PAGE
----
Brilliance: Bruce Metcalf

Brilliance: Bruce Metcalf

Bruce Metcalf, Hagemann’s Blossoms

Bruce Metcalf, Hagemann’s Blossoms, 2013, painted and gold-leafed maple, sterling silver, gold-plated and patinated brass, epoxy resin, putty, 13 x 10.5 x 1.25 in. Photo: Bruce Metcalf

“There is no jeweler on earth who gives more thought to each object he produces,” says Ulysses Grant Dietz of Bruce Metcalf. His work draws “on the visual language of traditional ornament that works on both conscious and subconscious levels,” adds Ursula Ilse-Neuman. Metcalf, co-author of the craft text Makers (2010), is steeped in the history of the decorative arts, and his expertise informs his jewelry – and his preference for craft over art. “I have no ambitions to make what passes for art today. No installations. No performances. No videos. No piles of abject stuff. No aspirations or references to conceptual art. No spectaculars. No labor farmed out to gremlins. I am a craftsman, and I am a jeweler,” he says.

How he describes his work: “The illicit love child of a three-way between Fabergé, Hans Bellmer’s dolls, and Robert Crumb’s cartoons.”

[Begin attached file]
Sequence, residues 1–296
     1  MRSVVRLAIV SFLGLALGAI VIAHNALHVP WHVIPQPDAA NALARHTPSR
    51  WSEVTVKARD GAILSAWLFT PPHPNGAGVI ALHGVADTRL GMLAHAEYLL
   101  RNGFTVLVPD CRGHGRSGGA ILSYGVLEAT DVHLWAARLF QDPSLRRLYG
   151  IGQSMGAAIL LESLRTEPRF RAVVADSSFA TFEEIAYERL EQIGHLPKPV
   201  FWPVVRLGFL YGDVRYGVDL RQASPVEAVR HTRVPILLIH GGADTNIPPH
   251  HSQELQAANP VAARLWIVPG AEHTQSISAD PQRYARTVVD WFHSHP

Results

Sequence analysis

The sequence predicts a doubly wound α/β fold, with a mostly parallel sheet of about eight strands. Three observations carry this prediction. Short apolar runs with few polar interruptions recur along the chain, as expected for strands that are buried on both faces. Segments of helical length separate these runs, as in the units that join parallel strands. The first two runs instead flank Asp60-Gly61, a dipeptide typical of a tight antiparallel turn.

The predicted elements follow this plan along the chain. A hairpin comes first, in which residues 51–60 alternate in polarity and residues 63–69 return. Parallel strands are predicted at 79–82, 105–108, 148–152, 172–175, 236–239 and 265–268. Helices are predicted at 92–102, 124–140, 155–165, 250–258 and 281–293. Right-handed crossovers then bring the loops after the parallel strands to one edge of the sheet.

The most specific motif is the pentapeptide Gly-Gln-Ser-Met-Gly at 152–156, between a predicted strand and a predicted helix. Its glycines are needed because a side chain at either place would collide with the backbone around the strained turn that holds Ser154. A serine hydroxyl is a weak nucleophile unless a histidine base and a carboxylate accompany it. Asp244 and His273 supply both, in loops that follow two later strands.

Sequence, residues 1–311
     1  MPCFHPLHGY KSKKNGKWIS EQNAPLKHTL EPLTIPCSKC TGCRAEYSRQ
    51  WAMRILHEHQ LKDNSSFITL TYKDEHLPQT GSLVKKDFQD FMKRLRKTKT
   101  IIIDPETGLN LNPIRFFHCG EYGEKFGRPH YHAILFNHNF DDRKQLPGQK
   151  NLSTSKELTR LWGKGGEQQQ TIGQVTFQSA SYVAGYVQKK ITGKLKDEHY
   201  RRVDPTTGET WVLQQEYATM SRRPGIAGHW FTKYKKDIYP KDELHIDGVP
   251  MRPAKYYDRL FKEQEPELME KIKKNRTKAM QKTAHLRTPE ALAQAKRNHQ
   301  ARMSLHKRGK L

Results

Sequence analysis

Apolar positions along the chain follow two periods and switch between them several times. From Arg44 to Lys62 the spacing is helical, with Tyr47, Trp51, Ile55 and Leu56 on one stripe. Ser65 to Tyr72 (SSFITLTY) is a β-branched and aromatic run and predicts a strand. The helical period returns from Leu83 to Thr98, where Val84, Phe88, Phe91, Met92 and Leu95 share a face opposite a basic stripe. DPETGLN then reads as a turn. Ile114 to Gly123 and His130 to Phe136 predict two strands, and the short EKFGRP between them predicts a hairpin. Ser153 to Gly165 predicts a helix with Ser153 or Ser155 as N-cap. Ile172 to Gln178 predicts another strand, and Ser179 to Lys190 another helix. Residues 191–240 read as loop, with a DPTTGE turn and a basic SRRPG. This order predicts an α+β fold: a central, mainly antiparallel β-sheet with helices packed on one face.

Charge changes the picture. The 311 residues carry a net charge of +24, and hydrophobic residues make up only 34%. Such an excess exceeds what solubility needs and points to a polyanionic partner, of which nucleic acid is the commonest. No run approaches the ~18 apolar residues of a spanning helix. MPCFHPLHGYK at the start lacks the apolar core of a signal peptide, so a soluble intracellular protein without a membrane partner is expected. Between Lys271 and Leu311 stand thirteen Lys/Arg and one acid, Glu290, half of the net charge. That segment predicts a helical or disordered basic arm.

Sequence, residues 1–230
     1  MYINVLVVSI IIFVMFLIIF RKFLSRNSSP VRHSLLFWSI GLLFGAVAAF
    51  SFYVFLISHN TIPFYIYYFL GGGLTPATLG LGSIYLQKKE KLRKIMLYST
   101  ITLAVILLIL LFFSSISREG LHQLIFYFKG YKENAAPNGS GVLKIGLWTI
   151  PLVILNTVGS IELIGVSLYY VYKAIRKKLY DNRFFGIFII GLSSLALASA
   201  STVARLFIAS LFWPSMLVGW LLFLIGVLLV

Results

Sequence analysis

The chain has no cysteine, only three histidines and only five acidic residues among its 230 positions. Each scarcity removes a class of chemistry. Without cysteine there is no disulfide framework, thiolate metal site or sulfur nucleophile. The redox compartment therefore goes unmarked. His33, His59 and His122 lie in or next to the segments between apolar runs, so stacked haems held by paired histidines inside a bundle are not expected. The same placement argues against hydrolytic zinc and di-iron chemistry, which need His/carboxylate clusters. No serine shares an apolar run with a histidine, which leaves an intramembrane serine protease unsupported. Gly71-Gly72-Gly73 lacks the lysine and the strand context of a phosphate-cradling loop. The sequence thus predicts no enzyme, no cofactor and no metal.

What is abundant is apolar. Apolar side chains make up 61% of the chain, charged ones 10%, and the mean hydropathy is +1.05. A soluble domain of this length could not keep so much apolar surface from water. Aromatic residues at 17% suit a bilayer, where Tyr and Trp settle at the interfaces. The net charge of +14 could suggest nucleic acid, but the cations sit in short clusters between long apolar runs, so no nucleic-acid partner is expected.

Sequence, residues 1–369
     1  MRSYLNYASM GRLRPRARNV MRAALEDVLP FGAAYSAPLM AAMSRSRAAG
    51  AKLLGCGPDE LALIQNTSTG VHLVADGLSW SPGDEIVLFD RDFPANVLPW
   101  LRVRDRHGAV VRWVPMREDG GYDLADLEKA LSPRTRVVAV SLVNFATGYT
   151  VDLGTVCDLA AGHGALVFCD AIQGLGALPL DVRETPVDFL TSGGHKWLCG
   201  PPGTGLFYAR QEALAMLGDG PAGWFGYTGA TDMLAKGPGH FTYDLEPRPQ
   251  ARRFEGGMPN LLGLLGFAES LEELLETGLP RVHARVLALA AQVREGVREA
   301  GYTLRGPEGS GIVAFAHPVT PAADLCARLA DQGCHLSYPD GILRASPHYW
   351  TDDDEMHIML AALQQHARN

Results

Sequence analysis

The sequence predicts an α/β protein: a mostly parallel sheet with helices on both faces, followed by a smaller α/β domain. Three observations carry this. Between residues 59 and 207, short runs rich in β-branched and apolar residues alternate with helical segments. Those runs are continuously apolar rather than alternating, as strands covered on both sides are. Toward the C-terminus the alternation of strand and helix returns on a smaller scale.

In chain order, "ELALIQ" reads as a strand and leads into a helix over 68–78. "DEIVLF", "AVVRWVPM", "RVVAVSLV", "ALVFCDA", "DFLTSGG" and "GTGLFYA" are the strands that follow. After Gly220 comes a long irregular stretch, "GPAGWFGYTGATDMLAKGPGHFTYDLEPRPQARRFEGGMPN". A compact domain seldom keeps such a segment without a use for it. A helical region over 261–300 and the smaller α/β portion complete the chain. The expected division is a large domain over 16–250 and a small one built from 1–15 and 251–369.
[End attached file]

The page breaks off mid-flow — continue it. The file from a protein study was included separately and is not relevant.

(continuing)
His biggest artistic influences: “Too numerous to mention, but includes Brent Kington’s toys; J. Fred Woell’s badges; many pieces from the arts and crafts movement, particularly by Lucia Mathews; Dagobert Peche; American cartooning; scientific illustration around 1900; decorative arts manuals from the same period.”

Why he makes jewelry: “Jewelry best fits my way of working, which tends toward making small objects. And I need to work with my hands, in much the same way that I need to breathe.”

His biggest challenge: “Finding the sweet spot between innovation, seduction, and intellectual satisfaction.”

His biggest reward: “Very occasionally, to know that I made a truly good piece.” 

What’s next: “More.”

Read the rest of the profiles of jewelry artists in this issue.